The civil construction industry say the Government must lower the high minimum pay requirement for migrant workers if it’s to get enough skills into the country to tackle a mountain of infrastructure work.
Peter Silcock, chief executive of Civil Contractors New Zealand, said new immigration settings suggest a worker’s salary must be above $106,000 before they will get a visa.
But many of the people with the skills needed, particularly in middle management, were earning around $80,000.
A state of the industry survey released on Friday showed that labour was civil construction’s number one challenge, followed distantly by certainty of project timings.
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There were also delays getting materials due to global supply chain issues, but by far the biggest issue was labour.
“We’re already doing quite a bit of work in that area but we clearly need to do more,” Silcock said.
The industry has enjoyed a surge in apprenticeships in the last year, doubling to around 1000 people, but it will take a few years before they are fully trained.
In the meantime, Kiwi workers are already starting to drift back to Australia, which also has a big infrastructure programme and higher pay rates.
Auckland Council has signed off on its record $32 billion 10-year budget. It aims to support the city’s recovery from the impacts of Covid-19 and deliver on important infrastructure needs.
The answer was not to throw the doors open to unskilled workers, Silcock said.
“What we need to do is tweak those settings … and make sure we’ve got people coming in with the specific skills that we need to see those projects through.”
Timing was also a big issue for civil firms. Projects could be delayed for months, due to client decisions, a shortage of materials or people, and all of that muddied an already unclear pipeline of projects.
“We all know there’s a lot of work coming up in the water and wider transport space – not just building roads, but it’s cycleways, it’s rail, bus lanes and those sorts of things … but it’s certainty of when that work is going to occur.”
Infrastructure was also about maintenance, not just about big projects, Silcock added.
“If you’re running a big Government project, there is a criteria to bring people in, whereas if you’re maintaining the city’s water pipes, the criteria gets back to the $106,000.”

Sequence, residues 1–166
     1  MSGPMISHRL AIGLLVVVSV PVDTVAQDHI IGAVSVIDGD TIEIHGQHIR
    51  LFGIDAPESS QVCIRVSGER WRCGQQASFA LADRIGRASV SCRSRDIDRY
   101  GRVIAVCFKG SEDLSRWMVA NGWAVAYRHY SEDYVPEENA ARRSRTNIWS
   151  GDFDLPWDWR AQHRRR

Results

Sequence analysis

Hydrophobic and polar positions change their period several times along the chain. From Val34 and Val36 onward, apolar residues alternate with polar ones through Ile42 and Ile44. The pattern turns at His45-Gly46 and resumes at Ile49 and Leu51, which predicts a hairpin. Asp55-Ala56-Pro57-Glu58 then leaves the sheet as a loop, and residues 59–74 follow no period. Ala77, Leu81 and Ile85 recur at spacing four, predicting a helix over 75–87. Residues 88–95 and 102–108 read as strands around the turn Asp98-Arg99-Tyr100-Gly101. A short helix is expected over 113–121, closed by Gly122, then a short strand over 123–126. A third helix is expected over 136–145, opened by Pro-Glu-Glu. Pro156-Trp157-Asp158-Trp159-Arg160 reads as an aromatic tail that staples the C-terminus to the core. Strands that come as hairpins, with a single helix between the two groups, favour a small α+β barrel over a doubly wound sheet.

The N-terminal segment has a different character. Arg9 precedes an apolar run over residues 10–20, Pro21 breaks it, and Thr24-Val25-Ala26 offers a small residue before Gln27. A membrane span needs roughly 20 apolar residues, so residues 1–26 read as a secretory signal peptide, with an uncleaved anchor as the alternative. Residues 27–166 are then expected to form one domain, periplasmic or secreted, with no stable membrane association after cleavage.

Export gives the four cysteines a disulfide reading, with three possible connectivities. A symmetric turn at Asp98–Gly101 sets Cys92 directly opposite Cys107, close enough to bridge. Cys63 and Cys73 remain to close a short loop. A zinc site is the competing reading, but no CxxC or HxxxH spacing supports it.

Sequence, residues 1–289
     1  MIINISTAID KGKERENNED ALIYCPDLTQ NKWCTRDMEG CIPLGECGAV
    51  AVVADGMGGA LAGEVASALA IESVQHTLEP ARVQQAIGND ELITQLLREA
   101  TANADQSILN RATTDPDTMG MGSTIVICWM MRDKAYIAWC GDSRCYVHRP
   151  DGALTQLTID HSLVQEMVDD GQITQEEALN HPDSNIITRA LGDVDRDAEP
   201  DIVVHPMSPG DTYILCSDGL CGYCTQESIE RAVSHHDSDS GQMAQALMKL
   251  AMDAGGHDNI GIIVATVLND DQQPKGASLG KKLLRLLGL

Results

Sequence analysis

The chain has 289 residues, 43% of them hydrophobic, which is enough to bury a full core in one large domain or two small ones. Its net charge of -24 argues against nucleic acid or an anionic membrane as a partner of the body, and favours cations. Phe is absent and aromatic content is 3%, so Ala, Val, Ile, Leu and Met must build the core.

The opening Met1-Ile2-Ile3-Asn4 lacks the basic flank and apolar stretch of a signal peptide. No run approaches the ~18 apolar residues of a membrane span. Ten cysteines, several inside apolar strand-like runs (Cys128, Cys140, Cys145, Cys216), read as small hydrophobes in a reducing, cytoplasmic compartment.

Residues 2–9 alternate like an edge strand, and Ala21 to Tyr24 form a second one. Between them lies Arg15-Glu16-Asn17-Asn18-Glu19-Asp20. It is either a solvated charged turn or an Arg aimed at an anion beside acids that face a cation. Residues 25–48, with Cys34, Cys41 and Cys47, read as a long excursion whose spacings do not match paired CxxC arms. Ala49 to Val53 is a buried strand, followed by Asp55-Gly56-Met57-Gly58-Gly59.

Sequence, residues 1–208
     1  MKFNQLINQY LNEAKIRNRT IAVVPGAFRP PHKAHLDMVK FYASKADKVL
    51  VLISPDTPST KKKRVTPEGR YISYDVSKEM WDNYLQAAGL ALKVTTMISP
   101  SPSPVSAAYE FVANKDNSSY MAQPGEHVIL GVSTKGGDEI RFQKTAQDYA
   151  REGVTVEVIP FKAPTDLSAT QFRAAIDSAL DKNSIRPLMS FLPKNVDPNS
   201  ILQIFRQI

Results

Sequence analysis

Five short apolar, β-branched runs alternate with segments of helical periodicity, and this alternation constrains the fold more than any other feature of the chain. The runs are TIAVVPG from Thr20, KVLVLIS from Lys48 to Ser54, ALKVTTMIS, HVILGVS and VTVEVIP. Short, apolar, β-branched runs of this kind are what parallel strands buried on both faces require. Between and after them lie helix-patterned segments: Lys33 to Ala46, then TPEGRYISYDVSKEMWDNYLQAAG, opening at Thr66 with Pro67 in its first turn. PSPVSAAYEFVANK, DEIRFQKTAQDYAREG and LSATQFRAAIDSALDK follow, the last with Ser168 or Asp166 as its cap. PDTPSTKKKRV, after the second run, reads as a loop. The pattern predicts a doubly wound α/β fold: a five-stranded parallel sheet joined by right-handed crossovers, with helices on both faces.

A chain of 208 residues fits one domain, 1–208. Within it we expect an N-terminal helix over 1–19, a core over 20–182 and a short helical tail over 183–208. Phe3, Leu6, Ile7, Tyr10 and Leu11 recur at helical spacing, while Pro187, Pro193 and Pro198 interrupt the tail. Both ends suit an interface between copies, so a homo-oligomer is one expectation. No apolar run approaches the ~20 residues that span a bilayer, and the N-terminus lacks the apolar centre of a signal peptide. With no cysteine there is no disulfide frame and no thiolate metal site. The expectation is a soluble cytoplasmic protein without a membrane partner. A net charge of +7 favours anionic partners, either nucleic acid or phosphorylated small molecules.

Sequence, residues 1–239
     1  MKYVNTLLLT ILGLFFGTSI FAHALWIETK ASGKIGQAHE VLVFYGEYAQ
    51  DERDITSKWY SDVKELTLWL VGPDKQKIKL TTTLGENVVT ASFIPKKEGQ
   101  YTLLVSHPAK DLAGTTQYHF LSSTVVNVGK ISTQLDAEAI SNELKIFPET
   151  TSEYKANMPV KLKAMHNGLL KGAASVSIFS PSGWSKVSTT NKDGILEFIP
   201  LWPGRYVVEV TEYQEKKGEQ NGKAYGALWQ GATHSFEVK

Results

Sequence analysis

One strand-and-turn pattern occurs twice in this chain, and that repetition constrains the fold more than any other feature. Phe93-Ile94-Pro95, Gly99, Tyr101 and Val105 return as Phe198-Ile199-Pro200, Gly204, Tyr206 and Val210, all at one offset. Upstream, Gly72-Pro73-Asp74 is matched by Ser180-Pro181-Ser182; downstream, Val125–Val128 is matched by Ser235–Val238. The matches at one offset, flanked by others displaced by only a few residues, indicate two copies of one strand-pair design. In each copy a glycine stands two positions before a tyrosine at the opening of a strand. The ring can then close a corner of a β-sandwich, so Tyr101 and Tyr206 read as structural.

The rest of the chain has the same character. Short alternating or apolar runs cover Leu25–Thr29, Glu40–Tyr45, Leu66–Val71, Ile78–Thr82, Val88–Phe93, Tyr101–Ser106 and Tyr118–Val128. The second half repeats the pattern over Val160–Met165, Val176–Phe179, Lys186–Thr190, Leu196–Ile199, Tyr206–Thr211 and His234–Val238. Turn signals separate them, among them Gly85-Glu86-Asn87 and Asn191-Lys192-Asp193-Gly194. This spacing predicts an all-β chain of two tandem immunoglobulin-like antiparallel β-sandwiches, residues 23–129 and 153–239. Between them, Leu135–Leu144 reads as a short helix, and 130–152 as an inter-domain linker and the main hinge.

Infrastructure work in New Zealand is forecast to be worth $10.1 billion by 2025, with transport, water and subdivision projects dominating the pipeline already.
The Government’s Three Waters project expected to pour another $120b to $180b of investment into the industry over the next 30 years.
Unsurprisingly, 50 per cent of those polled were optimistic about the construction industry and over half predicted higher turnover (55 per cent) and staff growth (66 per cent) in the next 12 months.
But the number of respondents concerned about skills shortages and labour doubled to 50 per cent and 87 per cent said they would hire immediately if the right skills were available.
Respondents said the areas which could most benefit the industry were developing a clearer pipeline of work, large projects under the NZ Upgrade programme, and regional projects under the Shovel Ready Projects programme.
Jim French, a construction industry specialist for Teletrac Navman, said firms had called “loudly and clearly” for certainty over the pipeline of work from local and central government.
“However, the lack of clarity impacts their planning for manpower and resources in these uncertain times. Covid-19 still affects the industry, as border closures dampen hiring outside talent and delay the supply of building and construction materials.”
To those interested in getting into civil construction, Silcock said technology was an increasing part of the industry and many tasks were electronically done. Drones and GPS were increasingly part of the work.
“This is not just digging a hole, you can use some very cool technology.”